The most notorious example of this violence was the Farhud (breakdown of law and order), a two-day pogrom in Baghdad in June 1941. In a spasm of uncontrolled violence, between 170 and 180 Jews were killed, more than 900 others were wounded, and 14,500 Jews sustained material losses through the looting or destruction of their stores and homes.
Although the government eventually restored order, the general position of the Jewish community continued to deteriorate as anti-foreign sentiment mounted and Iraq and the states bordering Palestine — Egypt, Syria, Jordan and Lebanon — became increasingly involved in the Arab-Jewish struggle. Jews were squeezed out of government employment, limited in schools, and subjected to imprisonment, heavy fines, or sequestration of their property on the flimsiest charges of being connected to either or both of the two banned movements. Indeed, Communism and Zionism were frequently equated in the statutes. In Iraq the mere receipt of a letter from a Jew in Palestine was sufficient to bring about arrest and loss of property.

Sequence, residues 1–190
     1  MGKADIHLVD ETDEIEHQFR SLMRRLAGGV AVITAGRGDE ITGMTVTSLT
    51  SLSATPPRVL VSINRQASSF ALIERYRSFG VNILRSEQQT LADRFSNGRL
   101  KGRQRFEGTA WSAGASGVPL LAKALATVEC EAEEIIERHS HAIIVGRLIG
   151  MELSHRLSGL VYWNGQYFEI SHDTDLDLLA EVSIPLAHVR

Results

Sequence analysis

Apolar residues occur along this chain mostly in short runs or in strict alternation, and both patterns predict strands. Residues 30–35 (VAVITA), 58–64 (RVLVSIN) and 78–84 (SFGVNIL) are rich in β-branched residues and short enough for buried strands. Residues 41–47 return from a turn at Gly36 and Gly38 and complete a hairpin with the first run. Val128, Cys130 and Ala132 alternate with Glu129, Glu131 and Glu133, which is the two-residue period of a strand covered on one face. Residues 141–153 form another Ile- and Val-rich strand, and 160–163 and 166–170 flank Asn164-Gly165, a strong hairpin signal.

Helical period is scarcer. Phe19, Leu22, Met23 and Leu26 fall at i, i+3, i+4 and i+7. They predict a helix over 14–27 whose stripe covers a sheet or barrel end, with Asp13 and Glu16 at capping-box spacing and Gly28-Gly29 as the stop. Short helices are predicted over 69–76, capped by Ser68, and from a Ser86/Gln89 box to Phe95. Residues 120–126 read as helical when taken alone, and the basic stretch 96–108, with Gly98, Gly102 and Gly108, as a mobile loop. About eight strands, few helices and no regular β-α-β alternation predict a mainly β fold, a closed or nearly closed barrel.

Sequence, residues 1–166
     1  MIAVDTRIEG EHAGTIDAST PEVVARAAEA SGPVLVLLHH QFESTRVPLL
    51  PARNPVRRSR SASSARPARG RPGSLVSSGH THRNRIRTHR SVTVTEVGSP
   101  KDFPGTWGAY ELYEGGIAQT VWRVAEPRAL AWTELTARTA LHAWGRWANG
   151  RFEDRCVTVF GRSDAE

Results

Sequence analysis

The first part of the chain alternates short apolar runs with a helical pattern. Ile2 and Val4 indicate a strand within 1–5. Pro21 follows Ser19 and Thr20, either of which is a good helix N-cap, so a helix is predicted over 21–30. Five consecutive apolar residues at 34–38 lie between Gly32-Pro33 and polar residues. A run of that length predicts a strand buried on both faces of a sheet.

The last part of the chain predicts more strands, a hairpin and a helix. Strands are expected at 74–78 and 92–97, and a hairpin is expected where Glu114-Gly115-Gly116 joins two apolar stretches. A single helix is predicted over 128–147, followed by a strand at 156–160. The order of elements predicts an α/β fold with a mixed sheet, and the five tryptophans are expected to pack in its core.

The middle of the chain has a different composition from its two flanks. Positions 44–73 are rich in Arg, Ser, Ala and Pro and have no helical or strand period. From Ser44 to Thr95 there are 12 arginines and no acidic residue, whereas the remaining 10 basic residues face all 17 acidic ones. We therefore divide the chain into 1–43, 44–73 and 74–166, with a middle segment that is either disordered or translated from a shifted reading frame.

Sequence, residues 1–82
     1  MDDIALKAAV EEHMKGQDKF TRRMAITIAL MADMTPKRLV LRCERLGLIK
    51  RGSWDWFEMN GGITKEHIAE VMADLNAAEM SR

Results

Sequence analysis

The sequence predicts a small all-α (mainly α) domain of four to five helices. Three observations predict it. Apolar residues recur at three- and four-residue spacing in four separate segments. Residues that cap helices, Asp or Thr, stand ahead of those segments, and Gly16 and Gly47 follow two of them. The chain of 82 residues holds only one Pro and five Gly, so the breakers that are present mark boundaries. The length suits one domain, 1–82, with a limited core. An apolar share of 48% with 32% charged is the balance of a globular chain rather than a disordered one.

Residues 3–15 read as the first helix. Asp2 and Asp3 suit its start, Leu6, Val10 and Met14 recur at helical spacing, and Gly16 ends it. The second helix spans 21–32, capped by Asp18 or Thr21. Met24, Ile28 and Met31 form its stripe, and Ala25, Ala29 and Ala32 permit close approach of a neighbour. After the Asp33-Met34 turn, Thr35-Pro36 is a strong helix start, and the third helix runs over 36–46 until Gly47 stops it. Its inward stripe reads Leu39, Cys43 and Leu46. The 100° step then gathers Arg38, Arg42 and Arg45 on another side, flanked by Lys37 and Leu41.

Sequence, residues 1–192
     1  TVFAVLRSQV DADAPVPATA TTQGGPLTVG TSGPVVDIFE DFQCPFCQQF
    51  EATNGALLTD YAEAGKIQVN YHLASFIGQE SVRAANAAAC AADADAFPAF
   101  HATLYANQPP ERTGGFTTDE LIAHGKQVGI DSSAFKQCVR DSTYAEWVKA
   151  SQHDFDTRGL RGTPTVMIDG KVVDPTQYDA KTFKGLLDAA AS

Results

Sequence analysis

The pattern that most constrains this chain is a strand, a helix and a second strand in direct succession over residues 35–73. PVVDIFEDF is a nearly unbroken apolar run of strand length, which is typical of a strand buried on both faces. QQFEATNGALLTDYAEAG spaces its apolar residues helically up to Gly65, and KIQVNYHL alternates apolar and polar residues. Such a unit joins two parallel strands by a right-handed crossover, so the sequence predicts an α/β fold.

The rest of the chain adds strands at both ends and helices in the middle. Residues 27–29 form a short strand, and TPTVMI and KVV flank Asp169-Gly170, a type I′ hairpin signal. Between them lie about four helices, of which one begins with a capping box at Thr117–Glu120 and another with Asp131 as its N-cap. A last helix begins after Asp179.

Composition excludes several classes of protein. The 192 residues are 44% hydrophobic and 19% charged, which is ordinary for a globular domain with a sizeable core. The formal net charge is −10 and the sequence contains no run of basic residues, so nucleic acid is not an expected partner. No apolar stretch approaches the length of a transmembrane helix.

On November 2, 1945, the anniversary of the Balfour Declaration became the occasion for widespread rioting, murder, and destruction of synagogues and Jewish property in Aleppo, Syria; Cairo, Egypt; and Tripoli, Libya. The Libyan Jewish community was particularly hard-hit, losing 130 people in the Tripoli area in three days of wanton violence. As in the earlier Farhud, the pogrom had been fomented by extreme nationalist elements who were intent on undercutting the British occupation of the country. The British troops in control of Tripoli waited days before restoring order, with an unconcern reminiscent of their conduct in the Iraqi massacre. As in the Iraqi case, the Tripoli massacre inaugurated a train of events that would demoralize and in a relatively short time dissolve the Libyan Jewish community.